UI student cheats the system with AI program ChatGPT

The Daily Iowan interviewed a UI student who used the artificial intelligence service to cheat on one of their papers.


Emily Nyberg

Photo Illustration

Getting an A on a paper was easier than one University of Iowa student thought.

The UI student — who was granted anonymity by The Daily Iowan — said they had a successful history of cheating on assignments in high school. When they heard about the artificial intelligence program ChatGPT last year, they were immediately intrigued.

Chatbots are designed to answer frequently asked questions; provide information, assistance, and customer service; or even entertain the user.

The platform can explain complex topics like Albert Einstein’s theory of relativity, write an original song about the causes of the U.S. Civil War from the perspective of rap artist Lil Baby, and do everything in between — all in a matter of seconds.

The software was created by the Elon Musk-backed AI company OpenAI and was released free to the public in November 2022. By January, the platform reached 100 million users.

Like many UI students, the student who cheated with ChatGPT felt overwhelmed with the workload they had to complete for their classes. They claimed they received the prompt for a class paper a week before it was due.

“I was just scavenging through notes, lecture slides, the internet, trying to find whatever, and it was just such a hassle,” they said. “I was in a pickle at this time because I had other [school work] to worry about, and I was like, ‘I don’t have time to do this.’”

Infographic by Jami Martin-Trainor/The Daily Iowan

During this time, the student started hearing about a website that writes papers free of charge from friends around campus. The student said they had always been aware of AI services, but none as complex as ChatGPT.

“I was just like, ‘There’s no way [ChatGPT]  is possible. There’s no way this is a thing,’” they said.

The student said they were introduced to the service by a friend on campus who used ChatGPT to complete an assignment.

“I was like, ‘Well, if [ChatGPT] gave him answers for this business class, I can 100 percent plug in a random era that happened in our history,’” the student said.

The student typed the paper’s prompt into ChatGPT and was given the answer they needed for the paper.

“All I did was plug in the question, and it was perfect,” they said.

The DI tested the prompt in ChatGPT and received a 400-word paper in under three minutes. After prompting the AI further, the DI was able to get the AI-written work to be closer to 1,000 words to fit the likely parameters of the assignment and to broaden the focus of the paper.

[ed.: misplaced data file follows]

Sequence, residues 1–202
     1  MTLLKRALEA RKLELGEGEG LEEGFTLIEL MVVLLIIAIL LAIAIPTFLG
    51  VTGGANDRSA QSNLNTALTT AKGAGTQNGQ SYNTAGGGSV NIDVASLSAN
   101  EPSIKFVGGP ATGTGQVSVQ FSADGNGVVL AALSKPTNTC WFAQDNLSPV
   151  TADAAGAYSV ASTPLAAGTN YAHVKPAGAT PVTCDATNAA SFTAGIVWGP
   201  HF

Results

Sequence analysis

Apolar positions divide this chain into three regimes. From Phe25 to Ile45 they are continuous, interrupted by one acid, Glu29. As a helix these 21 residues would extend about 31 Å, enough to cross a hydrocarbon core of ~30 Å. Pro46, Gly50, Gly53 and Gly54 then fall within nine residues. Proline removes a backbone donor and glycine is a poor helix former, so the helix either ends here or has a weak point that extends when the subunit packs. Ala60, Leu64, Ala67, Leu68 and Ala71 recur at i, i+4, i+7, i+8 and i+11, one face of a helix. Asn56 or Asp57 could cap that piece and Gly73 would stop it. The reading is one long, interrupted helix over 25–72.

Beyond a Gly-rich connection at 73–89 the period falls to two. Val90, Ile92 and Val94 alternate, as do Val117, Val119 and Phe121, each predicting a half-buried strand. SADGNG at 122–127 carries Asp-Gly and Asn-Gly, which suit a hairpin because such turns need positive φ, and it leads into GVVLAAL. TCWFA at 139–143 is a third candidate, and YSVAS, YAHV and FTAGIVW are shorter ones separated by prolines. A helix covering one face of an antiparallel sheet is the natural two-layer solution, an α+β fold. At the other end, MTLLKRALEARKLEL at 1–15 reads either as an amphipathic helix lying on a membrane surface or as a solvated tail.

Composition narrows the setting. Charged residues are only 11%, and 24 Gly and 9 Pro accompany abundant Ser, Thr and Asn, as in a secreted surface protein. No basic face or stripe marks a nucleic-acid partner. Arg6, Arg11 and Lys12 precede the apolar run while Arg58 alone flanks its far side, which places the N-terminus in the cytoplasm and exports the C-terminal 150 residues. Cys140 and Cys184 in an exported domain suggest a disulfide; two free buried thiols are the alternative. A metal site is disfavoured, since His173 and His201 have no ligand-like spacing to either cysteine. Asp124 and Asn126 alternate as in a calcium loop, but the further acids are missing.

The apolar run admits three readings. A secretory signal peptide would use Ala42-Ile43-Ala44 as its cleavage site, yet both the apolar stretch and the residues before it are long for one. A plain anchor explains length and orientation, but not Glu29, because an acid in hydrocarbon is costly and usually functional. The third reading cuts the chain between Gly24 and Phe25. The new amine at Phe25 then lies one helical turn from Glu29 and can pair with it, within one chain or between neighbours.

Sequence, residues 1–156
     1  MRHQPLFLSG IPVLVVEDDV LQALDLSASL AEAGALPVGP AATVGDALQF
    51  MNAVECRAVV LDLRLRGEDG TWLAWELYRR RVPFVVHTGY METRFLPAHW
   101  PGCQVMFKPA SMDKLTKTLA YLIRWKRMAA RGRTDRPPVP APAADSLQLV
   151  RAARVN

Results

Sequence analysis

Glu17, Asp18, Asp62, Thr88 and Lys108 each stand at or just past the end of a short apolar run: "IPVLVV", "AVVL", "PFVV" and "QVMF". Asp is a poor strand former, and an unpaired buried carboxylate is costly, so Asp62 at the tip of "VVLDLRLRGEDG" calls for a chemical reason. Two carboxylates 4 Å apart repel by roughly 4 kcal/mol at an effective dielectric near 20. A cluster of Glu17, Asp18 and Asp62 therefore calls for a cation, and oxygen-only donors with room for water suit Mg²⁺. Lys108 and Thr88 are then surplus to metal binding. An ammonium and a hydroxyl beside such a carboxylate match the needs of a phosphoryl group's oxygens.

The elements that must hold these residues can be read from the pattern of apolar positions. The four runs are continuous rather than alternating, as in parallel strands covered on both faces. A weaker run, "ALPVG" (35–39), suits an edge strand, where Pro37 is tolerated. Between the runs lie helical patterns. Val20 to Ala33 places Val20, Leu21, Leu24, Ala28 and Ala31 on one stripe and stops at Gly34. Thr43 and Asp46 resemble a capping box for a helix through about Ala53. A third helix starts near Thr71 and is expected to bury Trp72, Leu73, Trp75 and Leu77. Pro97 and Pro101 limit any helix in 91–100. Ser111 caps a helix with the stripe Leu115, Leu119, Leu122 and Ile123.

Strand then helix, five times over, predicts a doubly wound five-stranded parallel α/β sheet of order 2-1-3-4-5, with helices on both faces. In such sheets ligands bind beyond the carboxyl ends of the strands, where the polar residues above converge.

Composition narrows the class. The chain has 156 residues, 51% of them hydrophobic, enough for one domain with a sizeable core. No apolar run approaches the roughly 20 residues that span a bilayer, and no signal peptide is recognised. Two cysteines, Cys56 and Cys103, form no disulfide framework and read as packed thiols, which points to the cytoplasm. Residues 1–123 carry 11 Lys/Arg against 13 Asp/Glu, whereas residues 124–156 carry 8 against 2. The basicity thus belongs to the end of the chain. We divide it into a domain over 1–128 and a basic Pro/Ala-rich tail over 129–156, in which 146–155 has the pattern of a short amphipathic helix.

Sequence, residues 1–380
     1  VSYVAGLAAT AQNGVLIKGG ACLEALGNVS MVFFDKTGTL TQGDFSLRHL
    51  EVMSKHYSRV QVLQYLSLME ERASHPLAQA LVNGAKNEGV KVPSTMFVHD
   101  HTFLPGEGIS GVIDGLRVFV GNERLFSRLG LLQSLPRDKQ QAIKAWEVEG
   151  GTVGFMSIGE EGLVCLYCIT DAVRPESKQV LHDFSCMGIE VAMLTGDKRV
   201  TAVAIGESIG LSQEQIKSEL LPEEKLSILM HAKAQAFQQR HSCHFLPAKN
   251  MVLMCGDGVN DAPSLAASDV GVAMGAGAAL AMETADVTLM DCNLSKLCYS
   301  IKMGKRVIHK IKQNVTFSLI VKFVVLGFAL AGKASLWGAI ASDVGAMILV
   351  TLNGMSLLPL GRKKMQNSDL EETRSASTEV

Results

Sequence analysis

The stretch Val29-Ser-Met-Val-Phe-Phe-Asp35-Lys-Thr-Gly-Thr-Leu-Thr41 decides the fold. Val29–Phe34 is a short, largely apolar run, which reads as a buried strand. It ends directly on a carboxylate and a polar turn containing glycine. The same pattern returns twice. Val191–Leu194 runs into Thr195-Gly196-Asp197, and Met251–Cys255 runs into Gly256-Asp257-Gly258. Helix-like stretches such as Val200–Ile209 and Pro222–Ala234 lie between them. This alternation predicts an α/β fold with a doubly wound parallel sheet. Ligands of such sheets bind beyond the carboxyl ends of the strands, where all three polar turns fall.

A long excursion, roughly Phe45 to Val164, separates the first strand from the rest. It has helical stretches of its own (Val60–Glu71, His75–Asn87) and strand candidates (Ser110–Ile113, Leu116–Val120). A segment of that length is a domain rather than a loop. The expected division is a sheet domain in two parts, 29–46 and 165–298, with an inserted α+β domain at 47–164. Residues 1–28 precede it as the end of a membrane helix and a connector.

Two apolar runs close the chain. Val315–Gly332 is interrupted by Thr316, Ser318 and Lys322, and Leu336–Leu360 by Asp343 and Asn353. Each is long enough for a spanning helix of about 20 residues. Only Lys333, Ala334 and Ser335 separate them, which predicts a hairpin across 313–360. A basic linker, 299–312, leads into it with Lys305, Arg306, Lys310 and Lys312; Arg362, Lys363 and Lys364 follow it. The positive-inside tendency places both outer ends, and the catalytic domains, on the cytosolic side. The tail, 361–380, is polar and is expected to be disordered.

This all took about 10 minutes.

Initially hesitant to turn in their AI-assisted paper, the student altered some of the text to be extra careful and ran the text through Google.

“I tried every single sentence, like copied it, put it in Google to see if it’ll be somehow traced back to [ChatGPT], and it’s just untraceable,” they said. “But I still had doubts because I just risked my academic promise over some stupid  [paper].”

ChatGPT pulls information from 570 gigabytes of data obtained from articles, books, Wikipedia pages, and other pieces of writing on the internet. According to ChatGPT’s homepage, the service has limited knowledge of world events after 2021.

Despite their concerns, the student turned in the paper that ChatGPT produced. They thought it had been detected, as the professor took longer than expected to grade their paper.

Finally, the student received an email informing them that their essay was graded. The grade? It was an A.

“I’m still blown away … even the ICON accuracy test [showed] it was perfect,” they said.

RELATED:  New artificial intelligence developed for radiology at the UI 

UI’s response to use of ChatGPT

Since ChatGPT was released to the masses late in the fall semester, the UI has offered a few ways to support professors.

In January, the Office of Teaching, Learning, & Technology released a guide offering instructors tips on how to talk with students about AI services.

“The newest entry in a long line of technologies that promise to disrupt higher education are artificial intelligence (AI) tools like ChatGPT,” ITS’ website stated. “Iowa students are likely to engage with these tools, and it is clear that instructors will need to consider carefully how to adapt.”

The website includes a tab that provides guidance to UI staff on how they can detect text generated by ChatGPT using platforms like GPTZero and Turnitin. Some UI professors already use these programs to review online assignment submissions.

Over 6,000 instructors from universities like Harvard and Yale have used GPTZero since its release.

Officials at Iowa State University composed a task force to study ChatGPT and other AI tools. Meanwhile, Rutgers University has left it up to professors to decide whether or not to ban AI tools or allow students to incorporate it in their assignments.